Tuesday, April 29, 2008

scary stuff

my entire family is from wichita, kansas. my parents were born and raised there and my sister and i were born there as well. we lived in wichita until i was 3, but even at such a young age, i knew of 'btk.' he was a serial killer who terrorized wichita long before i was born. no one knew who 'btk' was, but everyone knew about him. i'll let you google 'btk' and find out the gruesome details for yourself. suffice it to say, i've been terrified of him since the day i was born.

fast forward to december 1990. my family and i had just returned home from spending christmas with our family in wichita. my dad's best friend and his family drove along with us and stayed for new year's. they lived in florida at the time and decided to have a layover at our house. our families are very close. we always called jeff our other dad. my dad and jeff have been best friends since childhood and growing up, we always had the best time with him and his family. ringing in 1991 was no different. we had a ball together.

a few weeks after jeff and his family returned to florida, my dad received a phone call. it was jeff saying that his mother had been murdered. jeff always suspected his mother's boyfriend, but the boyfriend was never convicted and the real killer was never found.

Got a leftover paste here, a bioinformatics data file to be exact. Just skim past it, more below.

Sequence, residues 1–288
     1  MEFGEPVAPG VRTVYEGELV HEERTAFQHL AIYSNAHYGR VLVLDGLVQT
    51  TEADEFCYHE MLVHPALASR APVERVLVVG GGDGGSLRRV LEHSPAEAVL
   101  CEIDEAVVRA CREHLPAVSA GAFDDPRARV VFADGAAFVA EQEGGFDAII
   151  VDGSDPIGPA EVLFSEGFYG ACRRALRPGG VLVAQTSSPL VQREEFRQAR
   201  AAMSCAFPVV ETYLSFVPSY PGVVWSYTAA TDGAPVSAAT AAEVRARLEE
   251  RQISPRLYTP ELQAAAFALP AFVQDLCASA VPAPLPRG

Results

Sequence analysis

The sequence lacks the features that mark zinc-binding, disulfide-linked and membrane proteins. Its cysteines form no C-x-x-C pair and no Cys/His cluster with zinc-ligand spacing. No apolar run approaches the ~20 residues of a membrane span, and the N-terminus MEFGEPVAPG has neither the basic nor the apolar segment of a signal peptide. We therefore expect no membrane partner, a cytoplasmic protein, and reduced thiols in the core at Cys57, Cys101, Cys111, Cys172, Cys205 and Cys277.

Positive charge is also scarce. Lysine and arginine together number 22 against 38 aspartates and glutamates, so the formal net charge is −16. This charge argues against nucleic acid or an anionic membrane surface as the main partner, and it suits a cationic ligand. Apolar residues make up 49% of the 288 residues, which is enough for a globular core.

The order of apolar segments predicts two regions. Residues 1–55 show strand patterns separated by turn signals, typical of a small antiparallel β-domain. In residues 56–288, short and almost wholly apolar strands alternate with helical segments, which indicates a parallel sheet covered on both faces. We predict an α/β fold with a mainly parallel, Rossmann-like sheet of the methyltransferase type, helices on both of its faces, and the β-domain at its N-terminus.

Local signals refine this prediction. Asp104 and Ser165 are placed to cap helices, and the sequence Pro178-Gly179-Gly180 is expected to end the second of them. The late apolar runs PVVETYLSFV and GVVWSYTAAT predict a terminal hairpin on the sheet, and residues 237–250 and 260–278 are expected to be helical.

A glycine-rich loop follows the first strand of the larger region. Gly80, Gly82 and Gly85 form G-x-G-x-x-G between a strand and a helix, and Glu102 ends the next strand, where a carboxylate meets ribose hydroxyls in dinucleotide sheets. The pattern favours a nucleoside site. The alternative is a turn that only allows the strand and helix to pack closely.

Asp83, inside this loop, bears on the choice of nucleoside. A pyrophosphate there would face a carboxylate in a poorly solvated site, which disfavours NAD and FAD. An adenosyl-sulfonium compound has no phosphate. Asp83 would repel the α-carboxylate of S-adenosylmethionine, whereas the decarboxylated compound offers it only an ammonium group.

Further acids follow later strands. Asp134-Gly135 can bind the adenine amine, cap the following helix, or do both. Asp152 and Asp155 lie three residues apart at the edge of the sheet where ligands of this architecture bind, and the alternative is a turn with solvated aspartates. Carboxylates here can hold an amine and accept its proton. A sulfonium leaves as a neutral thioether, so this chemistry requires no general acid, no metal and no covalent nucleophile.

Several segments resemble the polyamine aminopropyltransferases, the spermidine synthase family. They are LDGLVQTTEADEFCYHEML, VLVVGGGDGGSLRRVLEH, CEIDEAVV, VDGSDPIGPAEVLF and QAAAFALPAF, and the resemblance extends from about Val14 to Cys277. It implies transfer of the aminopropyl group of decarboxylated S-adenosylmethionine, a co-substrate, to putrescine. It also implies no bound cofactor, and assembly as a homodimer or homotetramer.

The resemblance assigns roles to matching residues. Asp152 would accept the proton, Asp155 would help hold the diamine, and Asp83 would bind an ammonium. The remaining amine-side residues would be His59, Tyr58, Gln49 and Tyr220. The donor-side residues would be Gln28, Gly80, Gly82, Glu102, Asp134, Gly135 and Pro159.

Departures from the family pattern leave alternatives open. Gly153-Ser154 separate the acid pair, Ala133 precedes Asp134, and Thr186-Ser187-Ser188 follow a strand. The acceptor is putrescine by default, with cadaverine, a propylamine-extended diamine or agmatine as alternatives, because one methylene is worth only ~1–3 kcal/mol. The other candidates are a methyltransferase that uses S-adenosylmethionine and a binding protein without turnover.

i can't remember the year (maybe 2004?), but i remember when 'btk' surfaced again. he had been quiet for so long that most thought he was dead. i heard the news that he had resurfaced on 'america's most wanted.' i immediately called my mom and sister and of course they had heard the news as well. i remember having awful nightmares that btk was trying to my little family of 3. there was one night in particular when the dream seemed so real to me. i woke up terrified, grabbed little mama out of her crib, and brought her in bed to sleep with me and super jas. i needed to know that we were all together and that everyone was fine. these nightmares went on for some time and then i received a phone call from my mom one evening.

"are you sitting down?" she asked.
"i am now."
"we just heard that the police think btk killed jeff's mom."

my heart pounded. it felt like the blood was drained from me and i went cold. i couldn't move. i couldn't talk. all i kept thinking was how this monster of a man...someone who i had been terrified for my entire life...he killed the mother of a man so close to me. btk had hit so close to home.

btk was captured in 2005. and now he's rotting away somewhere, although i don't even care to know where. and even though btk hit so close to home, i'm glad it's over and i can shut that chapter in my life after 27 years.

Monday, April 28, 2008

I Wonder What The Scariest Thing Was

*Today begins my last week as Monday's hostess. When you join us next week, super jane will be your hostess! We're giving g love a reprieve from being Monday's hostess since she just had her little boy last Friday...aren't we kind and generous?